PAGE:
Renewables are on the rise, coal is bleeding out, and natural gas is frustratingly cheap. While the energy sector fights it out for the future of the planet, researchers around the world are sneakily coming up with proof-of-concept technologies that may provide our gizmos with new sources of power further down the line.
Enter left stage, MIT’s thermal resonator. This rather magical-sounding device doesn’t need anything other than the ambient environment to generate electricity, which it does so by “harvesting” lingering thermal energy. This isn’t witchcraft, dear readers: this is the bleeding edge of engineering, and although we wouldn’t expect to own one anytime soon, it’s hard to argue that this isn’t extremely clever stuff.
Have you heard of the thermoelectric effect? It’s a neat quirk of physics that allows for the generation of a voltage when a specialized device known as a thermocouple is registering at different temperatures on either side of it. At the same time, if you add a voltage to the thermocouple, it’ll result in a temperature difference across the device.
Harvesting heat on the rooftop of MIT. Justin Raymond/MIT
Thermoelectric devices that utilize this effect aren’t new. They’re used in diesel engines, and occasionally in watches – wasted thermal energy escaping from the system is recaptured and transformed into electricity, making systems more energy efficient.
The problem with said devices is that a temperature difference has to be maintained across the device at all times. In the absence of anything causing this – sunlight fluctuations, say – no electricity can be generated, and this, according to an MIT-authored Nature Communications paper, is where their new device comes in.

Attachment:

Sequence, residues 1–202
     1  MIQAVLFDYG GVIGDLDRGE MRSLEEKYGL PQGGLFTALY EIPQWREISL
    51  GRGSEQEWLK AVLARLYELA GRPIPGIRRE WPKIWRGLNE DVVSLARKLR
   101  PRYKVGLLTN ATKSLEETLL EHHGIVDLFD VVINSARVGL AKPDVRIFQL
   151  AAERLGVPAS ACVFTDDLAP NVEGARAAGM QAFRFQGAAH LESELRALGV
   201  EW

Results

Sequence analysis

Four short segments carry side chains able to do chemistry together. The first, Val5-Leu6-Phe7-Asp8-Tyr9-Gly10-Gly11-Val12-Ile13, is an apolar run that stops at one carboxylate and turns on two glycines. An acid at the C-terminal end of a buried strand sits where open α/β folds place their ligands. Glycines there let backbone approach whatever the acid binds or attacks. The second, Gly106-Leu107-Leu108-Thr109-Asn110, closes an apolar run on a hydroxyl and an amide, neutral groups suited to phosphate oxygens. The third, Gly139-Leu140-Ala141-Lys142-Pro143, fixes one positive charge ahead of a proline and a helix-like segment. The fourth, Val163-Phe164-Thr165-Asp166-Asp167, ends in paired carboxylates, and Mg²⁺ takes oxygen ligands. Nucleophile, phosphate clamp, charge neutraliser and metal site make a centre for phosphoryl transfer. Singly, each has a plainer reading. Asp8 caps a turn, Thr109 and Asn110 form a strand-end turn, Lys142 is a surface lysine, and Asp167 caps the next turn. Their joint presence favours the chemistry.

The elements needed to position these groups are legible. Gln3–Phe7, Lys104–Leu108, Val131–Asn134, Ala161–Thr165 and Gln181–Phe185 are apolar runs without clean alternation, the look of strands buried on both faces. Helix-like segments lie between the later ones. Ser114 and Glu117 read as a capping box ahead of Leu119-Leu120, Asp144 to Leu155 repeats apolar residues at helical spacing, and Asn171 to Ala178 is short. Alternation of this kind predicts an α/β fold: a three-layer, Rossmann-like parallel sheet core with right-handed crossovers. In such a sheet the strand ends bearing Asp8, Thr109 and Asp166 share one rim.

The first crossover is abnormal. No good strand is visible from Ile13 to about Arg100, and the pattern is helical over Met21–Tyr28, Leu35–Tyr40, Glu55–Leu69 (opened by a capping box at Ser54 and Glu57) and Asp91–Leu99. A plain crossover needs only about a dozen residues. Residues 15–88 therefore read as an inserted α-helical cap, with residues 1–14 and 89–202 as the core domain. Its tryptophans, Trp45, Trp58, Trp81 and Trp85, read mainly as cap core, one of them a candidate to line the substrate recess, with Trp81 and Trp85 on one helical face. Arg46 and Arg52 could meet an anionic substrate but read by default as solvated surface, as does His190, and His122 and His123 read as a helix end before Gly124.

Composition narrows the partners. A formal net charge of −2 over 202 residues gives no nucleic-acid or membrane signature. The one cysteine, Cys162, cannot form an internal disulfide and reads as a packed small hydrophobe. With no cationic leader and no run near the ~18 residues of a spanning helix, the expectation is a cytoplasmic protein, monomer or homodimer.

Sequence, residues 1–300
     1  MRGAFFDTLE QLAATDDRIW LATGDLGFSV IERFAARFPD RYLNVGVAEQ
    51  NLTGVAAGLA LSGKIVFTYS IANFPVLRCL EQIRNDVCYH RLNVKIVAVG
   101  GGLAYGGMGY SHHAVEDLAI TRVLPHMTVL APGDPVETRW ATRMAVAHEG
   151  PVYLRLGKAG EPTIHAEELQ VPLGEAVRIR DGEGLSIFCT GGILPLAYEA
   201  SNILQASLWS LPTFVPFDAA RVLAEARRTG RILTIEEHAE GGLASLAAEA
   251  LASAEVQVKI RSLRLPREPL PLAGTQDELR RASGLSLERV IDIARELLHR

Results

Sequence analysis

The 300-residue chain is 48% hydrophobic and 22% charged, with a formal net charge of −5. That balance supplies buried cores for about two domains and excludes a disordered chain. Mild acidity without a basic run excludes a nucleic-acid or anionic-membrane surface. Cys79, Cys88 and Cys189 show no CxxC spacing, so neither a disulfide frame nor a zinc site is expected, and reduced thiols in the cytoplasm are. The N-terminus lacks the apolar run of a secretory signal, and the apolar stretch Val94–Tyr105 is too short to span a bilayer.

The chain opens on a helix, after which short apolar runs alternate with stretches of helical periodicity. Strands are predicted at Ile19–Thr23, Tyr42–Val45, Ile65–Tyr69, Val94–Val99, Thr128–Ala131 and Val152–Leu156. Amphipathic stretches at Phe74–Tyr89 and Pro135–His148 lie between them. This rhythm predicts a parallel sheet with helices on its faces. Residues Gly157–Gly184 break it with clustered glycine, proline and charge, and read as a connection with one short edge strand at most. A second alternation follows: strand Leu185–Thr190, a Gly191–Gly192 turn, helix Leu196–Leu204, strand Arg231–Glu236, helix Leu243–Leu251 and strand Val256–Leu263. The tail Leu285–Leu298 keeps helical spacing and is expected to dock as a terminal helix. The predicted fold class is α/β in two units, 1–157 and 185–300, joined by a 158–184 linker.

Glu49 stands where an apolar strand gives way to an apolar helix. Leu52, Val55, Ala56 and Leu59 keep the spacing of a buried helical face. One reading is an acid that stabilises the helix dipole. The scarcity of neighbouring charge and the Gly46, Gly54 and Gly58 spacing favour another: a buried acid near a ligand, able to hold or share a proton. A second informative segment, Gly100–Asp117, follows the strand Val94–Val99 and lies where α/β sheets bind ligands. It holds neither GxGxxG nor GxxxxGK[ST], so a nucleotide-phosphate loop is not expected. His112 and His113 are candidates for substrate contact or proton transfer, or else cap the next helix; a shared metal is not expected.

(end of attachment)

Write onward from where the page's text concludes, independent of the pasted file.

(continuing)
They’ve concocted the world’s first thermal resonator, a device that they note can generate electricity based on small temperature fluctuations in the surrounding environment. As these happen everywhere, from the darkest shadows to the tops of mountains, this makes their device incredibly versatile.
How is this sorcery possible? Well, it’s all about the thermal effusivity, which describes a material’s ability to exchange thermal energy with its surroundings. Amp this up and you’ve got a very temperature-sensitive device.
This property is directly dependent on how well a material can store heat, as well as conduct it – and, as their paper notes, you often have materials that are only good at one or the other.
Combining a mixture of copper and nickel foams with that ferociously conductive wonder material, graphene, they’ve produced a material with high thermal conductivity, capacity and, therefore, effusivity.
Despite graphene’s legendary capabilities, the crown here goes to a special wax that readily switches between a solid and liquid state. This stores thermal energy, which is slowly effused to the other side of the device. This guarantees a slow-burn temperature difference and, consequently, an electric current.
Their device is so effective that, using standard temperature differences between night and day, it can generate enough to power a simple, portable communications system or sensor. Yes, so far it’s fairly primitive, but it’s early days: We wouldn’t be surprised if it’s used to power standalone devices or placed inside hybrid power systems for more complex systems in the near-future.
The study’s authors also explain that their device can “address the need for renewable energy sources that are not limited by intermittency, and capable of persistent operation.”
Lead author Anton Cottrill, an MIT graduate student, told IFLScience that “competing with solar and wind is definitely a tall order for this new renewable energy technology.” Instead, he described a future wherein all types exist side-by-side, perhaps even working together.
“Our thermal resonator device can actually exist underneath a solar cell,” where it will absorb any wasted heat from above to power itself.